Seed Funding

ABOUT CORE CITRIS SEED FUNDING

 

The 2020 CITRIS Seed Funding opportunity invites Principal Investigators at UC Berkeley, UC Davis, UC Davis Health, UC Merced, and UC Santa Cruz to apply for seed funding that advances CITRIS and the Banatao Institute research initiatives, strengthens UC campus connections, and drives novel technology applications.

 

$600,000 in awards available

$40,000 to $60,000 per project

Application deadline is Wed., March 18, 2020 by 5 pm PT

 

Funded projects have attracted more than $60 million in follow-on support from federal, state, industrial, and private sources including the NSF, NIH, DOE, Intel, Microsoft, Mellon Foundation, and the Bill & Melinda Gates Foundation.

 

Areas of interest include:

 

 

CITRIS POLICY LAB FUNDING AREAS

 

How do we build — and harness — technology that protects privacy, security, and democracy?

 

The CITRIS Policy Lab supports interdisciplinary technology policy research and engagement to better ensure development and deployment of technology in the interest of society. 

 

Reflecting its interdisciplinary approach, the CITRIS Policy Lab joins with partners from the public and private sectors to drive thoughtful policy research and engagement at local, state, national, and international levels. Activities address core questions regarding the role of formal and informal regulation in promoting innovation and amplifying its positive effects. 

 

The CITRIS Policy Lab invites proposals for research that addresses topical issues such as those listed below:

 

    1. Computational Propaganda: Algorithms, automation, and digital harassment campaigns are increasingly utilized to manipulate public opinion and attack vulnerable communities on social media. Proposals may seek to identify computational propaganda and digital harassment campaigns on social media and formulate counter-approaches to mitigate these tactics.
    2. Inclusive AI: While artificial intelligence holds great promise to address society’s most pressing challenges, ill-considered deployments can perpetuate inequality and discrimination. We seek to support interdisciplinary research into the development and deployment of AI-enabled technologies that are fair, accountable, and trustworthy.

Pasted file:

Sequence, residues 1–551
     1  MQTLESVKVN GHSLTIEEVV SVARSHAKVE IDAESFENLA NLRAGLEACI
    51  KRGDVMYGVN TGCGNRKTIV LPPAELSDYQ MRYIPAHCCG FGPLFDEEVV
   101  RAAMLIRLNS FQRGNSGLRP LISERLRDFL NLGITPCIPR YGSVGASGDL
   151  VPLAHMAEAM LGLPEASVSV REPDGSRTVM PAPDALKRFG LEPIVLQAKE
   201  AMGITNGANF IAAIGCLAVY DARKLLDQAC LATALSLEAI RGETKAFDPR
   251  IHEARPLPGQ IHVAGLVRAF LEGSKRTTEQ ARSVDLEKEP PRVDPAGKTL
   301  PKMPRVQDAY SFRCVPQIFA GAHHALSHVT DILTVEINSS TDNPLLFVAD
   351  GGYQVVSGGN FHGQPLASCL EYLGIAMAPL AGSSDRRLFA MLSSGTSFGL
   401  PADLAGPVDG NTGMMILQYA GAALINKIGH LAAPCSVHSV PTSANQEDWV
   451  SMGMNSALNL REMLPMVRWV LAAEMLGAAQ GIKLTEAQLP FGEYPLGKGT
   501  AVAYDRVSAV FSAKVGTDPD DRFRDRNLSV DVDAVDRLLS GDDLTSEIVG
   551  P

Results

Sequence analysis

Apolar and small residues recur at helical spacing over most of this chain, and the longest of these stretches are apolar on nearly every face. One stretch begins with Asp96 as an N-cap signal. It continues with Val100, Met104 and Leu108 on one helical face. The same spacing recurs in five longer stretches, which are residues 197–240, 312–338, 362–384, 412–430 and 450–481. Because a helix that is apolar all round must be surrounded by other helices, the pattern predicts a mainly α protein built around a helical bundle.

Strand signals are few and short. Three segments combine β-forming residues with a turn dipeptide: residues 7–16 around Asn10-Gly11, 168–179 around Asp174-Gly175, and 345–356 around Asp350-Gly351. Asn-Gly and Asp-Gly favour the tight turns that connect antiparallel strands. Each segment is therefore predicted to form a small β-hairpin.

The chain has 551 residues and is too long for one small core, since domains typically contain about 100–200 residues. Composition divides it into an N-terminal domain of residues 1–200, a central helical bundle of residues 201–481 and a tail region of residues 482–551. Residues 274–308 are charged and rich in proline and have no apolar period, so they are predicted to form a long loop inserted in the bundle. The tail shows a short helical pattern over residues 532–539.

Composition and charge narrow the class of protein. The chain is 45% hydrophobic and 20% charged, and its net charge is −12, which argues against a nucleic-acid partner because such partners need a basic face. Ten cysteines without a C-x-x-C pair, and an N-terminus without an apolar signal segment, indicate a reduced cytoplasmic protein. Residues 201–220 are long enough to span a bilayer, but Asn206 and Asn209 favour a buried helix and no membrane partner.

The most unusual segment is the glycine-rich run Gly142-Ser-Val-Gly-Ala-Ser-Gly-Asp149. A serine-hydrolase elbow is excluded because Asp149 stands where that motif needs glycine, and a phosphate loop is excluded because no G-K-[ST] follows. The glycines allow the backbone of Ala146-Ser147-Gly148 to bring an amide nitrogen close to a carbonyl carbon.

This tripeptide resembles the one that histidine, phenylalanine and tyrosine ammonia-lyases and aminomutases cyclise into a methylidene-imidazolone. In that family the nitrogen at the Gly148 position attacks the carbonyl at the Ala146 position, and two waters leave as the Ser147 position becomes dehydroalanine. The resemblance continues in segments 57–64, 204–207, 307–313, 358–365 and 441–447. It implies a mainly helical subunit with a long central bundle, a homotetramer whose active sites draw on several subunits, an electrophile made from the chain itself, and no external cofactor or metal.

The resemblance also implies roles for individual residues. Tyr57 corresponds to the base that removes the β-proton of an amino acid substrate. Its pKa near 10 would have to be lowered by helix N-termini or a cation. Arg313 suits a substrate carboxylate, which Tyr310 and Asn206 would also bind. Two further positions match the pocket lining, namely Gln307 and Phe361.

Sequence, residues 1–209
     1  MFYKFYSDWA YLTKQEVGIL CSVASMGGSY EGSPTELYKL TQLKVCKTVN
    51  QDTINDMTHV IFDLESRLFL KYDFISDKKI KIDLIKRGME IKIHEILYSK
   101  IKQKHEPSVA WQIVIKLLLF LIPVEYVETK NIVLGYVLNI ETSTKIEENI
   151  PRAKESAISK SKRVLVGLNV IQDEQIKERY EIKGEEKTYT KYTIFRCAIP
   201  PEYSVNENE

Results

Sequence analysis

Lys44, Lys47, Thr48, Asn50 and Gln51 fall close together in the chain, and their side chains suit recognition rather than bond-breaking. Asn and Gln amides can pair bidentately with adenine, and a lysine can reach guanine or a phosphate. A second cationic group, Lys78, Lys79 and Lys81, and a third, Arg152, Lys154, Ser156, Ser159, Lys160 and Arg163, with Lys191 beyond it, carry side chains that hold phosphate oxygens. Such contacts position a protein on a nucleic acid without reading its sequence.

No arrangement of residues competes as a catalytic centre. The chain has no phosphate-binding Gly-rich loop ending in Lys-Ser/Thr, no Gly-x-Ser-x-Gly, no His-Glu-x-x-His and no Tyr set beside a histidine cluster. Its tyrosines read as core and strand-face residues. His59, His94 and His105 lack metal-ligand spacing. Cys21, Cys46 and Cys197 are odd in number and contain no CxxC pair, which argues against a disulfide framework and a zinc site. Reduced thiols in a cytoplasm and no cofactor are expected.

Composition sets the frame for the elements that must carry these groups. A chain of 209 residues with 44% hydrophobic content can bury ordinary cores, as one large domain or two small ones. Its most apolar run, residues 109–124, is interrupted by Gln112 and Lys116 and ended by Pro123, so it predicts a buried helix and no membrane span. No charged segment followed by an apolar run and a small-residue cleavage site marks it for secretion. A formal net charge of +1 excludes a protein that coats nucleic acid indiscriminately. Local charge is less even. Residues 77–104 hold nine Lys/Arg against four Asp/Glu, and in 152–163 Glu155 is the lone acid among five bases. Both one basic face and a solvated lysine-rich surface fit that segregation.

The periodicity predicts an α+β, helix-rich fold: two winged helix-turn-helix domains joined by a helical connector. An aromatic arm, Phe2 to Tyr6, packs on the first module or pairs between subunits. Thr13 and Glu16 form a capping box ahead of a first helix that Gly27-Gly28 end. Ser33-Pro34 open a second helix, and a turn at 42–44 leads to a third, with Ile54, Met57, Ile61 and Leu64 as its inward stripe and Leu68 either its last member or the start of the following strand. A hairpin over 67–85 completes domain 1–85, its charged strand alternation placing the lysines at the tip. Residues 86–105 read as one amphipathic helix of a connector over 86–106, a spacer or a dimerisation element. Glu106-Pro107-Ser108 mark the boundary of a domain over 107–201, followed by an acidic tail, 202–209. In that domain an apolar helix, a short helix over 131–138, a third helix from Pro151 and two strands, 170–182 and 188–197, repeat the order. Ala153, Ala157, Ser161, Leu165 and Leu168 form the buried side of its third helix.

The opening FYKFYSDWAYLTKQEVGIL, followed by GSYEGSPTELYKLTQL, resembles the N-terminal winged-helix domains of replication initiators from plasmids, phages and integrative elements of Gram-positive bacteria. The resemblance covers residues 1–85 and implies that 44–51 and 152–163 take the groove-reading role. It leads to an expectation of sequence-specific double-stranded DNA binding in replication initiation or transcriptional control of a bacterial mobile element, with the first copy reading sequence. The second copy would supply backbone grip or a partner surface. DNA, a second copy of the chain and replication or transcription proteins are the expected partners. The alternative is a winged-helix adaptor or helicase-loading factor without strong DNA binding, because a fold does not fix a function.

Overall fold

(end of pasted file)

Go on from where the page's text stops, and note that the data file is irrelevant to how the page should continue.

3. Digital Inclusion: Access to the internet at sufficient upload/download speeds is not evenly distributed. Proposals may support innovative strategies for equitable deployment and adoption of broadband and ICTs in the United States and abroad.
    4. Democratic Innovations: Effective digital tools support more inclusive democratic discourse, enable new models for participatory resource allocation and budgeting, and provide elected leaders with timely updates on the changing needs and priorities of their constituents. Proposals may seek to design and pilot interactive digital tools that foster greater inclusion in democratic processes.
    5. Disaster Risk Reduction: New ICTs — such as crowdsourcing platforms, high-performance computing and visualizations — can lead to more informed strategies for disaster risk reduction. Proposals may seek to utilize new ICTs to inform such strategies and policies in California and abroad.
    6. Digital ID Systems: Strategies to develop digital ID systems are emerging from the public, private, and non-profit sectors worldwide. We seek to support research into the human rights implications of digital ID systems and formation of strategies to better ensure their ethical design and deployment.
    7. Blockchain in Public Sector Applications: Distributed ledger technology is gaining attention beyond its early applications in cryptocurrency. We invite proposals that investigate or develop blockchain technology for social good.

The 2019 CITRIS Policy Lab Seed Funding Awardees

Bots and Misinformation on Facebook: Prevalence, Activity, and Effects
This project will offer a foundational overview of the prevalence and activities of bots on Facebook, model the role of bots in the spread of misinformation on public Facebook pages over time, and identify bot influence on the hostility of user discussions.

Principal Investigators: Magdalena Wojcieszak (UC Davis), Gireeja Ranade (UC Berkeley), & Felix Wu (UC Davis)

Cognition to Action in Extreme Events: Policy Interventions for Disaster Risk Reduction
Researchers will use rapid prototyping to explore how to make city-scale transportation models, visualizations, and communication strategies effective and responsive to community needs when constituents must make life-altering decisions.

Principal Investigators: Thomas Maiorana (UC Davis), Kenichi Soga (UC Berkeley), & Louise Comfort (UC Berkeley)

Questions?

Contact Dr. Brandie Nonnecke (nonnecke at berkeley dot edu), Director, CITRIS Policy Lab